Ensuring git is present when evaluating fetchGit

Given a file XXX.nix with contents

{ pkgs ? import <nixpkgs> {} }:
with pkgs;
  XXX = let
    src = builtins.fetchGit { ... };
  in callPackage "${src}/XXX" { path = "${src}"; };

which is intended to be used thus:

# client
(pkgs.callPackage path/to/XXX.nix {}).XXX

The evaluation of builtins.fetchGit seems to fail if Git is not installed in the caller’s environment.

Is there any way that the availability of Git can be assured from within XXX.nix? Failing that, can it be assured by the client code?

I’m trying to use this approach in bootstrapping-scripts, where pretty much the only guarantee is that Nix is installed. I would like to absolve the user of the need to install Git before running the script.

This also always annoys me. I read somewhere that is by design, so nix does not have to ship with its own git.

Your use case allows a workaround where you introduce a wrapper environment which is managed by nix-shell along the lines of this:


#! /usr/bin/env nix-shell
#! nix-shell -p git

nix-shell -E '(import ./XXX.nix {}).XXX‘ --run  XXX

The exact invocation is of course subject to your specific situation.

Yes, the wrapping-in-nix shell approach has served me well up to a point. But if I try to use this with XXX=home-manager I then end up wanting to write

home.packages = [
  (pkgs.callPackage ../home-manager.nix {}).home-manager

inside home.nix, so that home-manager installs my specific version of itself, and I haven’t found a solution for this case.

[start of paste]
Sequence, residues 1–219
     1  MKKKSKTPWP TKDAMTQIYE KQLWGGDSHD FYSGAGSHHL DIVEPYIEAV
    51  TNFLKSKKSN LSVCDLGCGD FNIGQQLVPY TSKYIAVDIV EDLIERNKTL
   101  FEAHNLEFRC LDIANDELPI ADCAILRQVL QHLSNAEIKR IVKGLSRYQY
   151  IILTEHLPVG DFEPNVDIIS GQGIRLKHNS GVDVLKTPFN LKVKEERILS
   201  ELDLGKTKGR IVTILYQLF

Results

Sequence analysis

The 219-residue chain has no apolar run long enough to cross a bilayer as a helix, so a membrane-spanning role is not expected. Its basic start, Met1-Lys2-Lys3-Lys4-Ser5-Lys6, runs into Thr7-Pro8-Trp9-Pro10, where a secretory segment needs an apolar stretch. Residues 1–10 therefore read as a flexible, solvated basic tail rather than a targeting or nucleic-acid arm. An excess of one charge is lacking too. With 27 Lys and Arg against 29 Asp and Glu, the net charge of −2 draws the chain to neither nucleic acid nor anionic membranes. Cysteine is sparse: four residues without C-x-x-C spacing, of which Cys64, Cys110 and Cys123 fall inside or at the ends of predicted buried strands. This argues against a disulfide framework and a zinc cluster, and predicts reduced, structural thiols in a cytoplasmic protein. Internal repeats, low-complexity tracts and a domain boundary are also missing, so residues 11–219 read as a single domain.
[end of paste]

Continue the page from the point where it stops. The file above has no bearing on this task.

And anyway, it’s XXX.nix that requres git, so I was hoping there would be a way for XXX.nix to provide git once and for all.

The setup I use does exactly this. Essentially my bootstrap script is in a nix-shell as above, and evaluates my home.nix environment, which contains the same home-manager and of course git (not explicitly mentioned in the linked post).

OK, you can’t directly bundle nix with git, you have to ensure it once at bootstrap time. After that, it will be part of your user environment, which is self-perpetuating by that design.

In your setup, why do you wrap home-manager in writeShellScriptBin?

In mine I use (pkgs.callPackage ../home-manager.nix {}).home-manager directly in home.packages and that seems to work fine (as long as I enable git somewhere in home.nix, to ensure availability of git for subsequent home-manager switches). Am I missing something?

Is writeShellScriptBin documented anywhere?

This is just to point it to my configuration file, which is not in the default location.

Now that you ask, I couldn’t even find anything. Google search was more helpful just a few months ago, now it doesn’t even show the source any more. I guess when I came up with this back then, I saw a snippet somewhere and then found the source.